After completing undergraduate degrees in Psychology and Medicine, Kapil undertook a combined clinical and academic training in Child and Adolescent Psychiatry at the Institute of Psychiatry. He was awarded a Health Services Research Training Fellowship investigating pathways to care for children at risk of ADHD and was subsequently appointed as a Clinical Lecturer. He completed his PhD during this period and received 3 awards marking a significant achievement in research for work based on his PhD, including the 2003 Royal College of Psychiatrists Research Prize. He was appointed as Senior Lecturer in Child and Adolescent Psychiatry in 2005 and promoted to Reader in 2012 and Professor in 2014.
ADHD (Attention Deficit / Hyperactivity Disorder), prenatal alcohol exposure, child and adolescent mental health in primary care and schools, Developmental epidemiology, Health Services Research
Dr. Sayal is a PhD supervisor in the Centre for ADHD and Neuro-developmental Disorders Across the Lifespan (CANDAL). (http://www.nottingham.ac.uk/research/groups/candal/index.aspx)
He is a supervisor for 3rd year medical students Behavioural Sciences B.Med.Sci projects and teaches on Child and Adolescent Psychiatry in the under-graduate and post-graduate training curriculums.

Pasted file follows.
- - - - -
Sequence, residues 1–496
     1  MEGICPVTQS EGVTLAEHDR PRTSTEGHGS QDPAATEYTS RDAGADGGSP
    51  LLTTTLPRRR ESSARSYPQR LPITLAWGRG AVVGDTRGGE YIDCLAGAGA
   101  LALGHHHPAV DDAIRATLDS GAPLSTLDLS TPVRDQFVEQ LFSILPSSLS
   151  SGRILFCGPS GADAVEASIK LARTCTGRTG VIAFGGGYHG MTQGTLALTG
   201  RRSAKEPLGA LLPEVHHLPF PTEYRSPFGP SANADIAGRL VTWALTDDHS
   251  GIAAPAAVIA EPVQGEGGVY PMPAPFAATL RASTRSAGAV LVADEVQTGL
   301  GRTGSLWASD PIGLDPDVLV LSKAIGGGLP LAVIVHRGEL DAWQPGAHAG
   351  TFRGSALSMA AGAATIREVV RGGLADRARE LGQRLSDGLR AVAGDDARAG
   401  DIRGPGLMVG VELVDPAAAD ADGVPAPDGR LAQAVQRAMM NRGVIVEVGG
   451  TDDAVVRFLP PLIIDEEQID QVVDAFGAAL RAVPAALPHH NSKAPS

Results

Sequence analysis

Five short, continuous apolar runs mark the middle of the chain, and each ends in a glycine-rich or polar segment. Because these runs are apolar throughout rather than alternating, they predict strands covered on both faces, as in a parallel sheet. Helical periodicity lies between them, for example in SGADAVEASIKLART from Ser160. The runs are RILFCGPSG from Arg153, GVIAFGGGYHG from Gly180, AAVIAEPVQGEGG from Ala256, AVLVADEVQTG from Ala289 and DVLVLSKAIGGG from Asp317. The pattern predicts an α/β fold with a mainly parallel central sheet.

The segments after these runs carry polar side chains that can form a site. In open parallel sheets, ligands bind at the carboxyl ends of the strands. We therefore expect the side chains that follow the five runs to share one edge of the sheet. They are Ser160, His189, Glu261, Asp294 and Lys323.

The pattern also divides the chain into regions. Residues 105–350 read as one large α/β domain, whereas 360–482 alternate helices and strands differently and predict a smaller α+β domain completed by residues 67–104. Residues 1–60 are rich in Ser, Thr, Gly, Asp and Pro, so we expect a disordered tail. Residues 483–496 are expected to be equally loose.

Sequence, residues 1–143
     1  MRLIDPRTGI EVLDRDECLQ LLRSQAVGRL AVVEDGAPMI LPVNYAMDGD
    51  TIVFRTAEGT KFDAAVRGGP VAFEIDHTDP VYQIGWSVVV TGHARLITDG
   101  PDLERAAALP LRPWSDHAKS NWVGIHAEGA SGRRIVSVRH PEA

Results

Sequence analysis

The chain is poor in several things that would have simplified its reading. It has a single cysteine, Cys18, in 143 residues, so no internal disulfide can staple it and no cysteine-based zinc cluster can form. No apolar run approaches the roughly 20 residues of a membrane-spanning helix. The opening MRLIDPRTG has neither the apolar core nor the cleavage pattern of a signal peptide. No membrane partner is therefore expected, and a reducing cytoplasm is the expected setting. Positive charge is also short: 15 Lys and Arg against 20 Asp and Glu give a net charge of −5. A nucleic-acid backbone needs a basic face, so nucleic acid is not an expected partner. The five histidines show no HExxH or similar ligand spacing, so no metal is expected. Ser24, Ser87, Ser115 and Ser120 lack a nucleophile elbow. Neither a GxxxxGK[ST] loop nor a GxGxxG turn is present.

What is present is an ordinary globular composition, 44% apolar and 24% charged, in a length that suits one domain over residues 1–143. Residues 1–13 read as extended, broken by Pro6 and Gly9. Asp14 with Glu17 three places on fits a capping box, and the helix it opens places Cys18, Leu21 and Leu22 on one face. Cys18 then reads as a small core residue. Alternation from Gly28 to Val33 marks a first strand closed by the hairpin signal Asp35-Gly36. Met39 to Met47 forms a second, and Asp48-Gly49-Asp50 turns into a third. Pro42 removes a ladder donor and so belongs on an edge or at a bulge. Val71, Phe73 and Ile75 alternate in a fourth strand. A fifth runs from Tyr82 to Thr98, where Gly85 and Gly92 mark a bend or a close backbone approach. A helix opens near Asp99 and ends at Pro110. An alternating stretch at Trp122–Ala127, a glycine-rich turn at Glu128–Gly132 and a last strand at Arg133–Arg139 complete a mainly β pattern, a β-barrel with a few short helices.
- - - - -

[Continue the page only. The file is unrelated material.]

He was External Examiner (2008-2012) for the M.Sc. in Child and Adolescent Mental Health, Institute of Psychiatry, King's College London
Dr Sayal's research interests include developmental epidemiology, Health Services Research, and child and adolescent mental health in schools and primary care. He carries out epidemiological research… read more
Dr Sayal's research interests include developmental epidemiology, Health Services Research, and child and adolescent mental health in schools and primary care. He carries out epidemiological research in ADHD and the neuro-developmental consequences of prenatal alcohol exposure. His programme of Health Services Research includes intervention research that aims to improve the identification of and outcomes for children and young people with mental health problems in primary care and school settings.
He led a DH-funded follow-up of an RCT investigating the impact of school-based interventions for attention and hyperactivity problems on children's outcomes and access to services. He was the Nottingham lead on an NIHR HTA-funded RCT (PROMISE) of a school-based CBT intervention to prevent depression in high-risk adolescents. Currently, he is leading the e-DASH study in the NIHR CLAHRC East Midlands (http://www.clahrc-em.nihr.ac.uk/clahrc-em-nihr/research/enhancing-mental-health/edash-study.aspx) and is a co-investigator on the 'Listen-Up' study' funded by the Department of Health (www.listen-up.ac.uk)